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This article provides a comprehensive review of the research on smoking and body weight. The relationships between smoking and body weight are evaluated in 70 cross-sectional and longitudinal investigations. The mechanisms responsible for differences in body weight are discussed, the weight-related issues that promote smoking behavior are reviewed, methods(More)
Dietary, activity, and body weight differences in high- and low-restrained eaters and the independent impact of dietary restraint on body weight change were evaluated in 287 adults (141 men, 146 women) followed over a 1-year period. Analyses of measures of energy intake, physical activity, and dietary restraint indicated that high-restrained eaters did not(More)
The effects of nicotine chewing gum and cigarettes on resting energy expenditure (REE) were evaluated. Twenty smoking women participated in nicotine gum and smoking administration, after which their REEs were measured. Results indicate an acute increase in REE for both nicotine gum and cigarettes. Metabolic rates for nicotine gum slowly returned to(More)
Examined demographic, environmental, and parent-child interactional correlates of physical activity in a group of 222 preschoolers. Activity levels were assessed with a system that quantified directly observed physical activity in the natural environment. Using regression-modeling procedures, results revealed a significant relationship between (a) child's(More)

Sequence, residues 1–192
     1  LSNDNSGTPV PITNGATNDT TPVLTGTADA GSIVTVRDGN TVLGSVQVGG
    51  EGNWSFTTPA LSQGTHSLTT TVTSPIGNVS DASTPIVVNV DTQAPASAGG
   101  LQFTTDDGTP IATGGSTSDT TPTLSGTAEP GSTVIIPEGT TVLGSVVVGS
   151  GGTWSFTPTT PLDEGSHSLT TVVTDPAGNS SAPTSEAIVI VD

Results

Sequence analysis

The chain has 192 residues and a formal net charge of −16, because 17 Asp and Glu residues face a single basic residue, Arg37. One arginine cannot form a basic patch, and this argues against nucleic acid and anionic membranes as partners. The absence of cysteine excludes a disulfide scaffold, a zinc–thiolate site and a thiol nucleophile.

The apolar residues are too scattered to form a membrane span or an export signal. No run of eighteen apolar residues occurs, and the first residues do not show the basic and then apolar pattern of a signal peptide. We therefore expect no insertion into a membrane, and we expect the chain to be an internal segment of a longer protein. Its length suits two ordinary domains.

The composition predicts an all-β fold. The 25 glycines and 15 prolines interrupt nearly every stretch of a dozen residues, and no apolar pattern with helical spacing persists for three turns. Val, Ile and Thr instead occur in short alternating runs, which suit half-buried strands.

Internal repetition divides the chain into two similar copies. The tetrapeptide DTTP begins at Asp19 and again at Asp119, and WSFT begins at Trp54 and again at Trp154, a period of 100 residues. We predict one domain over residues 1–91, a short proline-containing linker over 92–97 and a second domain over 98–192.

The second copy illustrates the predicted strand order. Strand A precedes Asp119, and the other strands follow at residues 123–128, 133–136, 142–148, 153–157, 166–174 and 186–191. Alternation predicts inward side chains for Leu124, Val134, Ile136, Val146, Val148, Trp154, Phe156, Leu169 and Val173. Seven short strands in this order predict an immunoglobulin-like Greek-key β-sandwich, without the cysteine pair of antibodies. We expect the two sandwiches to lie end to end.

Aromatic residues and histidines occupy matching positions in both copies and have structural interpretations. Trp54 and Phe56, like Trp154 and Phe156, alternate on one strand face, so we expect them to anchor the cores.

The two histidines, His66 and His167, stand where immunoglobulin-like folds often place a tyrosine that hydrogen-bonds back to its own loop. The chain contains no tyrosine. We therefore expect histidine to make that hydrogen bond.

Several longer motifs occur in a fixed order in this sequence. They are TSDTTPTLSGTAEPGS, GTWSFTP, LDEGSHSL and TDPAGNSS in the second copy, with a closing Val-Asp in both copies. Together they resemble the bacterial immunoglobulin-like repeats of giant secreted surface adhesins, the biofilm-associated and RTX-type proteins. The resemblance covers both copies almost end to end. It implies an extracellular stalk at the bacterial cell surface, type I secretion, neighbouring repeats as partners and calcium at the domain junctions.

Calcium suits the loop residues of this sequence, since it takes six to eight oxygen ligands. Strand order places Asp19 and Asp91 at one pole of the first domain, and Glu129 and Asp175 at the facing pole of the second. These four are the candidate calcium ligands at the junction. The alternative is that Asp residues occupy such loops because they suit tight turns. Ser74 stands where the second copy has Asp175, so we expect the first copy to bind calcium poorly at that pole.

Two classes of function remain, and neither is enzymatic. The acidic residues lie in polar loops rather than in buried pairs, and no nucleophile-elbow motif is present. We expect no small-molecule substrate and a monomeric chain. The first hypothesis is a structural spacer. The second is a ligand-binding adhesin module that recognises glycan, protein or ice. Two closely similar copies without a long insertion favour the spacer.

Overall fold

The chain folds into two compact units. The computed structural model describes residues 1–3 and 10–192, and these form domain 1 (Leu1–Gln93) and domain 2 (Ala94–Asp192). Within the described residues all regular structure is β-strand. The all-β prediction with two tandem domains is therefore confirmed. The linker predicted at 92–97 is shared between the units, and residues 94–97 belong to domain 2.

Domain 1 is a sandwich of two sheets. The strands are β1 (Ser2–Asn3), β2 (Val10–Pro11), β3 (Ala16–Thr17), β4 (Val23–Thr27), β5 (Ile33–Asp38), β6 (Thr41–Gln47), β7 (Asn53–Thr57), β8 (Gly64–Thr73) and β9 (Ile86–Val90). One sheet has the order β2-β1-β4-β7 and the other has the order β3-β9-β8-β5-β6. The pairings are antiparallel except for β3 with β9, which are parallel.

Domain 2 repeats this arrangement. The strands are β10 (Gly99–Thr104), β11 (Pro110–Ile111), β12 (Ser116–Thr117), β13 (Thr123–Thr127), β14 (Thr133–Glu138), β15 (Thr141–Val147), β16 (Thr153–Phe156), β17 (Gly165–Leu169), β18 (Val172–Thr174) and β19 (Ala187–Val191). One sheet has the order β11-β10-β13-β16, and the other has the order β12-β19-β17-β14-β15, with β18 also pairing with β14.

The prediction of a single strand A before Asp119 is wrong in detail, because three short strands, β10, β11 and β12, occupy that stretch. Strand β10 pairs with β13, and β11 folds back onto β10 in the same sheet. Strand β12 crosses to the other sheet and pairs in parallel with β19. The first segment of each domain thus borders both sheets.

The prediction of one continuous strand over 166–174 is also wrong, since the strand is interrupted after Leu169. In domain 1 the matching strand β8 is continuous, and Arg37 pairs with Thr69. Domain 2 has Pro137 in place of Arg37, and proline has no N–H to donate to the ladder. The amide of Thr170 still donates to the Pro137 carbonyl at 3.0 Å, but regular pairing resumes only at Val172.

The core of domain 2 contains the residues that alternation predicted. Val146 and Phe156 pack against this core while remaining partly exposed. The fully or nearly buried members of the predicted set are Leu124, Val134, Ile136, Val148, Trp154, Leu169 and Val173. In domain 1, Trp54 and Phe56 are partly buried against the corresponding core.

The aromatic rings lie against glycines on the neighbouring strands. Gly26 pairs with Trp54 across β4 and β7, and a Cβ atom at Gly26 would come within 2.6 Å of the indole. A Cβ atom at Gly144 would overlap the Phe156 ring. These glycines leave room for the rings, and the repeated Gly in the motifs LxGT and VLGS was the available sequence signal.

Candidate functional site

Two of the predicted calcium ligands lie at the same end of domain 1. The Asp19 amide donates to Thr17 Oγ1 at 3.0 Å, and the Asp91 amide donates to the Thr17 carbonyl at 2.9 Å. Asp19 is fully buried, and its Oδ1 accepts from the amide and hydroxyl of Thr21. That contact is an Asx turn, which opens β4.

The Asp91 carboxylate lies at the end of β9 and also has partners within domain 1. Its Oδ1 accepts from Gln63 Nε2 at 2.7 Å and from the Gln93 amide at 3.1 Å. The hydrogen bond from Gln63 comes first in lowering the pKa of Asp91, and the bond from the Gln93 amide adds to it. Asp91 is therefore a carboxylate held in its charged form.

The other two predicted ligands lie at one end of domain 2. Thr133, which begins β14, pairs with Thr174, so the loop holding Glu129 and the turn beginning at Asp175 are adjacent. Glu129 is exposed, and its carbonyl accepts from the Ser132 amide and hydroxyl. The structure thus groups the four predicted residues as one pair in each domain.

The purpose of this investigation was to evaluate the impact of changes in dietary restraint (chronic dieting) on changes in body weight over time. Subjects were 305 (98 male, 207 female) adults. At pretest, subjects completed a restrained eating questionnaire (Herman & Polivy, 1980), as well as reporting height, weight, gender, race, and age. Subjects were(More)
This study examined whether preschool children differed on measures of psychosocial functioning both cross-sectionally and longitudinally. One hundred and thirty-two children who varied in levels of body fat participated in the study along with their natural parents. Results indicated that the children did not differ in levels of self-esteem and family(More)
BACKGROUND This paper presents reliability and validity analyses of physical activity-related psychosocial questionnaires completed by 8- to 10-year-old African-American girls at baseline and follow-up assessments of pilot intervention studies in the Girls health Enrichment Multi-site Study (GEMS). METHODS Two hundred ten girls participated in the GEMS(More)
The purpose of this investigation was to evaluate carefully smoking-related knowledge and beliefs and their relationships to smoking status in a large, heterogeneous sample of smokers and nonsmokers in two settings: (a) a large, biracial southern city and (b) a small midwestern community. Participants were 611 (198 male, 413 female) adult respondents to a(More)
The authors sought to assess the reliability and validity of two motion activity sensors in the prediction of observed physical activity levels in adults and children by means of two studies at North Dakota State University in Fargo, North Dakota. In study 1, 50 adults were observed in fall 1984 for one hour of recreational activity while they(More)
OBJECTIVES The purpose of this study was to examine relationships among body mass index (BMI), self-perceptions, and body image discrepancy in African American (AA) girls. METHODS Baseline self-perception and BMI data were collected by trained staff from 303 preadolescent AA girls participating in the girls health enrichment multi-site studies.(More)